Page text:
Let’s see what other crazy things were said in the ’70s:
We affirm that God abounds in mercy and that he forgives all who repent and turn from their sins. So we call our fellow evangelical Christians to demonstrate repentance in a Christian discipleship that confronts the social and political injustice of our nation.
We must attack the materialism of our culture and the maldistribution of the nation’s wealth and services. We recognize that as a nation we play a crucial role in the imbalance and injustice of international trade and development. Before God and a billion hungry neighbors, we must rethink our values regarding our present standard of living and promote a more just acquisition and distribution of the world’s resources.
We acknowledge our Christian responsibilities of citizenship. Therefore, we must challenge the misplaced trust of the nation in economic and military might–a proud trust that promotes a national pathology of war and violence which victimizes our neighbors at home and abroad. We must resist the temptation to make the nation and its institutions objects of near-religious loyalty.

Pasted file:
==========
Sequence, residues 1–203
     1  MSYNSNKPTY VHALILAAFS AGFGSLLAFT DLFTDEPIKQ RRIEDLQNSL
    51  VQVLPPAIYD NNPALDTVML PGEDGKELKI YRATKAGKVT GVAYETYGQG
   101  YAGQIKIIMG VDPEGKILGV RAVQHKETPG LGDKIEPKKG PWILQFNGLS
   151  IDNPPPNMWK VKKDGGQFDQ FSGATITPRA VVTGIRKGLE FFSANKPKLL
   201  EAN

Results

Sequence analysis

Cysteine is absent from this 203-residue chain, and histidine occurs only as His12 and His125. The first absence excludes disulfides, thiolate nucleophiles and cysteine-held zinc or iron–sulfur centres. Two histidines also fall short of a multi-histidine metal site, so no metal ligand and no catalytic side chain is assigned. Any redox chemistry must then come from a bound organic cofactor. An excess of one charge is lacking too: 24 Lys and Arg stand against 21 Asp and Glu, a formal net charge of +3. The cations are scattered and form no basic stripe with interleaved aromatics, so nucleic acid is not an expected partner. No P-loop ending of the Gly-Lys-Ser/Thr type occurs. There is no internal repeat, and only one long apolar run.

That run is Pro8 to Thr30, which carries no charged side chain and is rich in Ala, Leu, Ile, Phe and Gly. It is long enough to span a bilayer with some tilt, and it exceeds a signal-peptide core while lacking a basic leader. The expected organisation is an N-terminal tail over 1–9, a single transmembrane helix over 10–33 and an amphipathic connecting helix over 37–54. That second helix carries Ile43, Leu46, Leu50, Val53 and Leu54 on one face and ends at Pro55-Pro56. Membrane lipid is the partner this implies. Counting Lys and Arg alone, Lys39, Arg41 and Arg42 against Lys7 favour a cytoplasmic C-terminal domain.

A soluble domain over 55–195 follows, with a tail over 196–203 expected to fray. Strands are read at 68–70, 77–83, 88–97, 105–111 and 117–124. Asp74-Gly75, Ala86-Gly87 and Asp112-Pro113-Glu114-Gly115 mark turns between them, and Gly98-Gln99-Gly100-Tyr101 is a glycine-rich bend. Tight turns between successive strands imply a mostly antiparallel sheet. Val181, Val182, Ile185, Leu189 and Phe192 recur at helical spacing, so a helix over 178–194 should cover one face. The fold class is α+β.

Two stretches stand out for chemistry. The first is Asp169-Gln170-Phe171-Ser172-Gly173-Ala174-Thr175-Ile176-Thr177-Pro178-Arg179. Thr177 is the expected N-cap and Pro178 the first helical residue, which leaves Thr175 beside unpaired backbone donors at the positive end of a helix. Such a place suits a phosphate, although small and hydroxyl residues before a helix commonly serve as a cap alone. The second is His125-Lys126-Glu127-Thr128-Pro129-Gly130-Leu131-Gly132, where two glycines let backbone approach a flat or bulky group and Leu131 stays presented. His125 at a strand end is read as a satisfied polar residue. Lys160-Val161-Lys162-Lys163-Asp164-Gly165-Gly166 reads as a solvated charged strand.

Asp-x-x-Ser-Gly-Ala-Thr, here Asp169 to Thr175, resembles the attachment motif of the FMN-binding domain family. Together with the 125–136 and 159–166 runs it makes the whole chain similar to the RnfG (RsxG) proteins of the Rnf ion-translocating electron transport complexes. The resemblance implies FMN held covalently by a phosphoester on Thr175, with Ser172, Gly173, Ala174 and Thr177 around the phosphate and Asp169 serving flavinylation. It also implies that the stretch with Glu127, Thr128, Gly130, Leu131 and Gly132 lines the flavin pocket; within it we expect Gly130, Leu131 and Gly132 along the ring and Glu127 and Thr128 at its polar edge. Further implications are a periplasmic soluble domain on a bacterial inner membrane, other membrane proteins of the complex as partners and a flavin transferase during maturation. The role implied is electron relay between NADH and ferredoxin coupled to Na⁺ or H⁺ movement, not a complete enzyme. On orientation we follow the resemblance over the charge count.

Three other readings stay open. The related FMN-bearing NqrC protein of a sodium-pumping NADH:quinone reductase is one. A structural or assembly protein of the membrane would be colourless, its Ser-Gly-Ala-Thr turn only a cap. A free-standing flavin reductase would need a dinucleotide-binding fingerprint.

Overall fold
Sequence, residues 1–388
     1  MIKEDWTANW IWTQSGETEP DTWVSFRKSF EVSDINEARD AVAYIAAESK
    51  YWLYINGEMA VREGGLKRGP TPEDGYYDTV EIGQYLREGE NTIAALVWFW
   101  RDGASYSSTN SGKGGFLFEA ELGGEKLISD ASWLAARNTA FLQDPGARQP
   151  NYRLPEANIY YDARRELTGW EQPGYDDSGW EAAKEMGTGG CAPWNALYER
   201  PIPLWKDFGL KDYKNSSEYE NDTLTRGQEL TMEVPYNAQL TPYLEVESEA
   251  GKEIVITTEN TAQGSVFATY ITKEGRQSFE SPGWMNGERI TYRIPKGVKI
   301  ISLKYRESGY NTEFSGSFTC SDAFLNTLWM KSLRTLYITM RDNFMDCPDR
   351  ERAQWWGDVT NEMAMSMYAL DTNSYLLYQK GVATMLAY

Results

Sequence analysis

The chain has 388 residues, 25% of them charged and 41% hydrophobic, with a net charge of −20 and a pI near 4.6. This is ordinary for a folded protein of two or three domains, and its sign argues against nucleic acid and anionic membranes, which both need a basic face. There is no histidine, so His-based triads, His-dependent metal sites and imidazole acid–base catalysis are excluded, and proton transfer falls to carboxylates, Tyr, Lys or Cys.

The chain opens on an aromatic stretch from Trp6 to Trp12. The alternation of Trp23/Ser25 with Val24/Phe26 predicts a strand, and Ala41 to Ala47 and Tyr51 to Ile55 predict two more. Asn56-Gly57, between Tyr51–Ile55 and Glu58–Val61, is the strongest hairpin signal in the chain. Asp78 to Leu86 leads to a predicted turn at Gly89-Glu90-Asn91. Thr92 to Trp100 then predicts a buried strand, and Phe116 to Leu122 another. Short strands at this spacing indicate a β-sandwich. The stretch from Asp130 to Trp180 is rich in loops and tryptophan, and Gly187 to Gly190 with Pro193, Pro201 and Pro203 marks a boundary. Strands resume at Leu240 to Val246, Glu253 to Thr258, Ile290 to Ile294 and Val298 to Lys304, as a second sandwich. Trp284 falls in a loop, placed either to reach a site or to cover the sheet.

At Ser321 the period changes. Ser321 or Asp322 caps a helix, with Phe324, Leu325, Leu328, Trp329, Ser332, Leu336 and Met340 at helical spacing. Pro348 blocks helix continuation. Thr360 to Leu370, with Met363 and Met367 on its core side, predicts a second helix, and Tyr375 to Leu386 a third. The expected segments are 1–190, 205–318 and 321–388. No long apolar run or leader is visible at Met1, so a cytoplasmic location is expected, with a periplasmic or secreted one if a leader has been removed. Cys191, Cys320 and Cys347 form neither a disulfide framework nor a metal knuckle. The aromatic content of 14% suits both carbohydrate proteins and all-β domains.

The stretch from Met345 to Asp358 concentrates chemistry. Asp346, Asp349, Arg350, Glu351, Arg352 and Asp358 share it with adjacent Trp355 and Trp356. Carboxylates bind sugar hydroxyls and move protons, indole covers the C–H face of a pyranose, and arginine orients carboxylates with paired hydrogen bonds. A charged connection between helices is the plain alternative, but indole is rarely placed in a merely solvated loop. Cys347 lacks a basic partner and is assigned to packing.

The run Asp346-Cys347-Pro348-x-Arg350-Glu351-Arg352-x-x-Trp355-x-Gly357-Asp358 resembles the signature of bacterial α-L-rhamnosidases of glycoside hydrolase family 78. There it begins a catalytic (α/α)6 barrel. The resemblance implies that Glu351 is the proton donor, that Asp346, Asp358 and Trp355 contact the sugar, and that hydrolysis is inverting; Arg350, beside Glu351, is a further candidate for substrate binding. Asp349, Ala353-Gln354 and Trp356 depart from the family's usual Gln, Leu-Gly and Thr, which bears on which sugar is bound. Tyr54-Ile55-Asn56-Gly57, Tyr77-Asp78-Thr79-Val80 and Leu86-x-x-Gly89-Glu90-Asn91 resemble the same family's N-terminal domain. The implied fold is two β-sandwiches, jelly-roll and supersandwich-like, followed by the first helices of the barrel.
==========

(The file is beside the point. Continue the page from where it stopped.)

That’s an excerpt from the “Chicago Declaration on Evangelical Social Concern,” written November 25, 1973. HEREBY AFFIRMED. This is me co-signing, 35 years late.
How would our current political landscape be different if we had listened to these brothers instead of those in the Moral Majority? How would the Focus on the Family version read?
“Before God and a billion hungry neighbors, we must affirm that the greatest assault on Christian values is two ho-mo-sexuals reading The New Yorker together in Boston.”
“We must resist the temptation to see all humans as created equal, for those born in the US of A are more equal than others. Those born in the US of A are auto-magically incorporated into a new Divine plan in which democracy needs to be forcefully imposed on unExceptional unAmericans.”